K: —and yes, we should be paying the players who are like suffering from it now, but yeah. For a long time, I did not watch football because of that, and then all of the … let’s just say the response to how—you know, the anti-racism efforts that have happened in the last couple of years as well … not super great.
C: Not great! Not great.
K: No. no. Especially living here in like the Bay Area, you know, and seeing what happened with Colin Kaepernick … it was very, uh—disappointing, you know? To see the way he was essentially drummed out of the league for being like, I believe that Black people—
C: For taking a knee, yeah.
K: —have the right to not get killed by, you know, police, and … people did not like him to say that.
C: No. And I’m gonna—can I take a controversial stance on behalf of our podcast? For both of us?
K: Yeah, go ahead.
C: Neither of us believe that people should be killed by police violence.
K: (laughs) Yeah, you know what? That is—I’m gonna say that’s a cold take, because that’s a take that everybody should have.
C: (laughing) I agree.
K: Not controversial on this podcast for sure. But yeah, I—it was very, you know, depressing to me to see that happen, and the league has been marginally better in the last couple of years, but still really terrible on issues of race. And also on issues of violence against women, you know? I am a Steelers fan—have been since I was like ten years old—and the Steelers’ quarterback is Ben Roethlisburger, who has been credibly accused of sexual assault like multiple times and he’s been the quarterback of that team for like two decades.
K: So, yeah, it’s not great. (laughs) So that’s—I do feel like sort of like … ugh about liking sports. I do wish I just like … I said this on Twitter the other day, but I wish I did not have the sports gene, like so that it did not affect me, because … I just do. I just have it. My sister and I, we both have it. It’s a bummer sometimes, for sure. But yeah, that’s the NFL. The NBA? Much better, at least, in terms of race and sort of being the more “woke” league, but obviously I think they’ve been really terrible in their handling of COVID.
C: Oh, yeah.
K: Like today, they’ve cancelled a ton of games because one team—the Raptors, I think it is? They have like five coaches or something who are out wth COVID, and it’s just like … just cancel the games. Cancel the season. Let people go home.
C: Right. We don’t need to die over sports.
K: Exactly. Like the thing is, I like sports. But if, you know, both the NFL and the NBA and any other league were like, we are not gonna play until people can safely get the vaccine and come and play without worrying about damaging their health in the long term, I’m just like … I would be fine if it went away tomorrow, you know? But yeah, I just think they’ve been really terrible with how they’ve handled it, especially because like a bunch of players get it and then they come back and they’re just like, “Okay, well we’re just expected to play fifty more games,” and we don’t even know what kind of effects this disease has on people long-term. And you hear these players talk about how, like, “Yeah, I’m feeling good, but I like can’t get my wind,” and I’m like … because you’re not feeling good, right? Like you feel like you have to come out and play because you won’t get paid otherwise, but like, if you’re damaging your health, you’re not gonna be able to play for very long and you’re still not gonna get paid, right? So it’s just a whole thing. So that’s my guilty pleasure, sports! I love it. I wish I didn’t, but (laughs) I kind of do, so.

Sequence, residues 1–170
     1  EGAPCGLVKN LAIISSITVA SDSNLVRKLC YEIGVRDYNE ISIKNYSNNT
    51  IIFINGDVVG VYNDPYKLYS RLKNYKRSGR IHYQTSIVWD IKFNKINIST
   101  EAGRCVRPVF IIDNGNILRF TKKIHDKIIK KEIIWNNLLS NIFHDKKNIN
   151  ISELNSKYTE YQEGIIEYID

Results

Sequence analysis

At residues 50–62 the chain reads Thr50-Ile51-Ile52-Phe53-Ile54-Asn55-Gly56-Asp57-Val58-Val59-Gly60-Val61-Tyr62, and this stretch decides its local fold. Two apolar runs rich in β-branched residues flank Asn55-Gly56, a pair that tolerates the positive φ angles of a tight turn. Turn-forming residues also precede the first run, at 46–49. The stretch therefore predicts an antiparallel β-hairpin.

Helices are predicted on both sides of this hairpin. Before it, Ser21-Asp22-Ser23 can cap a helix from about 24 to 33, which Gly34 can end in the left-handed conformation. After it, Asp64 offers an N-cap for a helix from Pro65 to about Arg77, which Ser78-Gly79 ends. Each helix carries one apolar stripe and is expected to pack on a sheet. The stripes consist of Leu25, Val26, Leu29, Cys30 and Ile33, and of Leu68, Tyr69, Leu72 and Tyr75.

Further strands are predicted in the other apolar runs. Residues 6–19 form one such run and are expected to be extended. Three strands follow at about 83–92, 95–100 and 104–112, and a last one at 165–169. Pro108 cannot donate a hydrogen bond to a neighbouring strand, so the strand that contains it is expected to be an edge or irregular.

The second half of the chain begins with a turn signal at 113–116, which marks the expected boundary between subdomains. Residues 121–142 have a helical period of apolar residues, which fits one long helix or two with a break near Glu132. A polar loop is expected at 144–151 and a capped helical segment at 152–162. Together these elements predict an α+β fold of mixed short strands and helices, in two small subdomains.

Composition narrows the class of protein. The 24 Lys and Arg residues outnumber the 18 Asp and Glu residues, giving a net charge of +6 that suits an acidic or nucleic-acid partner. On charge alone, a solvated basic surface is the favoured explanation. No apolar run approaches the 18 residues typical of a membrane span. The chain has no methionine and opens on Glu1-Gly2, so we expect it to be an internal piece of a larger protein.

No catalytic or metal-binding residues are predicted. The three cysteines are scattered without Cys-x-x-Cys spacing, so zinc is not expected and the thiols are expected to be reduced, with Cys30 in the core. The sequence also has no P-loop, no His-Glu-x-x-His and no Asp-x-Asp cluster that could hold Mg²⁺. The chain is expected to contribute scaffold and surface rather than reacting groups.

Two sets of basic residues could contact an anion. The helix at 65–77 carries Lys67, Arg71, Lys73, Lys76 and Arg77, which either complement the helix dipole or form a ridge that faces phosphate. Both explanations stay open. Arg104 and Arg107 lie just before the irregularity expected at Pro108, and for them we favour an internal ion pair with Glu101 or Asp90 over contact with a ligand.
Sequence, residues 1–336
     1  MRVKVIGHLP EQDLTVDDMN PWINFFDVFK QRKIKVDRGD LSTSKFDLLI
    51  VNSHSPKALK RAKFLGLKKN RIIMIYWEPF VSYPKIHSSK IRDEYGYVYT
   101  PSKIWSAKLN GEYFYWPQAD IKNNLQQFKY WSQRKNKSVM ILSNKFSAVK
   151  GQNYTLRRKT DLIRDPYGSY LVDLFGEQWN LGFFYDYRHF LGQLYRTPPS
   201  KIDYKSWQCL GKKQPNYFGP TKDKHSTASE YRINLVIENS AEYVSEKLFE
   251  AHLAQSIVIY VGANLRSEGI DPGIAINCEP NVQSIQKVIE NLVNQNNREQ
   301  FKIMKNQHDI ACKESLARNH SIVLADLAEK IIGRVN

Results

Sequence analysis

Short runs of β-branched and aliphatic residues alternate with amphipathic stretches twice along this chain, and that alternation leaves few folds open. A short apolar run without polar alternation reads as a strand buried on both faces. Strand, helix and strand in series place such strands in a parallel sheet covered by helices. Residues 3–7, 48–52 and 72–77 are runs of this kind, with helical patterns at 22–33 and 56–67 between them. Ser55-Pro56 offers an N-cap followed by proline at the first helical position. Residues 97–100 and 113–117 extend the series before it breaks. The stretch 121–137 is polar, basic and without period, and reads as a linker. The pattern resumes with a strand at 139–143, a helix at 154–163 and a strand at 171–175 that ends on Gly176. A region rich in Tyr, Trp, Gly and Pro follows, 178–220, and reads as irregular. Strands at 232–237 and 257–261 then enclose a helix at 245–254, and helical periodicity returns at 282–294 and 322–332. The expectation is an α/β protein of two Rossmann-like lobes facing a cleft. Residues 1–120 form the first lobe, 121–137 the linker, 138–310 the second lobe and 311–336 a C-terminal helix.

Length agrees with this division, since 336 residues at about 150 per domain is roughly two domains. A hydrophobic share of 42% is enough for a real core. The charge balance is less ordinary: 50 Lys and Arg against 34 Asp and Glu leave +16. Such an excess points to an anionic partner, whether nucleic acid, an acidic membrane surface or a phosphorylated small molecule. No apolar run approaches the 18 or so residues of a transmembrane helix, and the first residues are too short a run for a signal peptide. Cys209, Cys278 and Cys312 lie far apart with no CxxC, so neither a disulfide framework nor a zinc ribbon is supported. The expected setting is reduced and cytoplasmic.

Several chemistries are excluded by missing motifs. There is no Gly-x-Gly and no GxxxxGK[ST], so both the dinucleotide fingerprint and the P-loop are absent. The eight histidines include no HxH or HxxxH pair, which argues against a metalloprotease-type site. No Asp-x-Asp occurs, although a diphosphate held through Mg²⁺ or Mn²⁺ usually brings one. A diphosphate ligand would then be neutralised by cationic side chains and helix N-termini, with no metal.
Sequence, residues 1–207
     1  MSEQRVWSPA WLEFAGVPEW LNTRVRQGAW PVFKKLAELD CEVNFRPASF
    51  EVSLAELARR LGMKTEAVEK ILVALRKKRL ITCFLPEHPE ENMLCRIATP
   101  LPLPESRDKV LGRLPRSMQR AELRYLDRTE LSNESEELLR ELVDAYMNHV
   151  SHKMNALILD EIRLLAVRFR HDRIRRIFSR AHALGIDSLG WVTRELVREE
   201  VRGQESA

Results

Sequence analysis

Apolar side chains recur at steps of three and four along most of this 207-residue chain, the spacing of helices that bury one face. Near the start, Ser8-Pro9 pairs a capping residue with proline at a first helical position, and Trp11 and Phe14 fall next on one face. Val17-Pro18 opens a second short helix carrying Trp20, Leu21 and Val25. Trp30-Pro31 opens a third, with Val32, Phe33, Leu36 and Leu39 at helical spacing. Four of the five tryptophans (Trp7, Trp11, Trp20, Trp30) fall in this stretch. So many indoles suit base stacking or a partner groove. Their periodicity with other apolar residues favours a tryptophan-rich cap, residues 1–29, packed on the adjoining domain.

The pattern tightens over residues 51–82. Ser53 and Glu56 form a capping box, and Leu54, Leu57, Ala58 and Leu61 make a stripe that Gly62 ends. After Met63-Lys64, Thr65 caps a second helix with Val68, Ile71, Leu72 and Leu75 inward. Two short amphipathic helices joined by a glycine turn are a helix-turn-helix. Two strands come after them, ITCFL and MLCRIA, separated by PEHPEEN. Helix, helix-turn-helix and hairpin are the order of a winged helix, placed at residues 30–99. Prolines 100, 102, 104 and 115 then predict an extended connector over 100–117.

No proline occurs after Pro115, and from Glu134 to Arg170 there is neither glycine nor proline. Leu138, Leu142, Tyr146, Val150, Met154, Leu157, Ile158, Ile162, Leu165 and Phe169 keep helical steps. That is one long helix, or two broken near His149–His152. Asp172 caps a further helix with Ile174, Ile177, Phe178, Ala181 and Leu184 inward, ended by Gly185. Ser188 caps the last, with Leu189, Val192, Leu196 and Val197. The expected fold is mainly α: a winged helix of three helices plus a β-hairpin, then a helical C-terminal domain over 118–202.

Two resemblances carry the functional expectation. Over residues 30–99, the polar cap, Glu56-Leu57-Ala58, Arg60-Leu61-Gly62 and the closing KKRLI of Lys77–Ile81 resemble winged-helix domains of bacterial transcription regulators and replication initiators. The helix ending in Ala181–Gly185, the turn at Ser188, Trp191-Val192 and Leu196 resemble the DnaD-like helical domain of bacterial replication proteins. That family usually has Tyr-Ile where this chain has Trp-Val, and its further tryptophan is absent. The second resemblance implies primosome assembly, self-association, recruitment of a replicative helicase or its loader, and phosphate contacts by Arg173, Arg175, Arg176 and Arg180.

C: Well, I kinda feel like the way you feel about sports is the way I feel about my—and I feel even weird saying this but—true crime.
C: In that it is a morbid interest. And it’s not that I enjoy violence, or, you know, people suffering—
K: (laughs) Again, another cold take, yeah.
C: I don’t enjoy that, uh …for the record—I will have that on the record—I don’t enjoy violence and murder.
K: (laughs) Lemme write that down.
C: But I think—yes, please do!—I am interested in psychology.
C: I am interested in what conditions create horrible things happening.
C: I guess is a way to describe it.
K: Because a lot of times, like, we always want to ascribe people doing bad things as to, oh, well they’re just like you know … I don’t like to use this word, but like, oh, they’re crazy; they have some sort of mental illness, and that’s the only explanation for why people commit crime, but that’s not really the only explanation.
K: And so these shows do, like sort of … you know, you do get a glimpse into what are the other reasons that stuff like this happens?
K: Exactly. And I think also what it comes down to is, I also love mysteries and detective work. I like solving things, puzzles, so I think that is the aspect that I enjoy. But I would … I feel weird telling people that, oh yes, I enjoy true crime, because then I feel sort of ghoulish.
K: It can be, yeah. And, you know, you don’t have to feel weird, because I grew up as the child of someone who really loves what we used to call murder shows, like euphemistically, to make fun, and so I’ve watched a lot. I still watch a lot. It sounds horrible to put it this way, but like … they’re an easy watch, because at the beginning something happens, and at the end you know you’re gonna get some sort of resolution. It’s like watching an episode of Law & Order, right? Like it’s the same kinda structure every time. A crime happens; there’s some investigation; maybe they have a lead and then it turns out it’s not the right one. And then they end up with the actual perpetrator and then something happens. They either get found guilty in court or they don’t, right? So it’s kind of, you know, self-contained. You get that one hour and you’re in and out, and you know what’s gonna happen.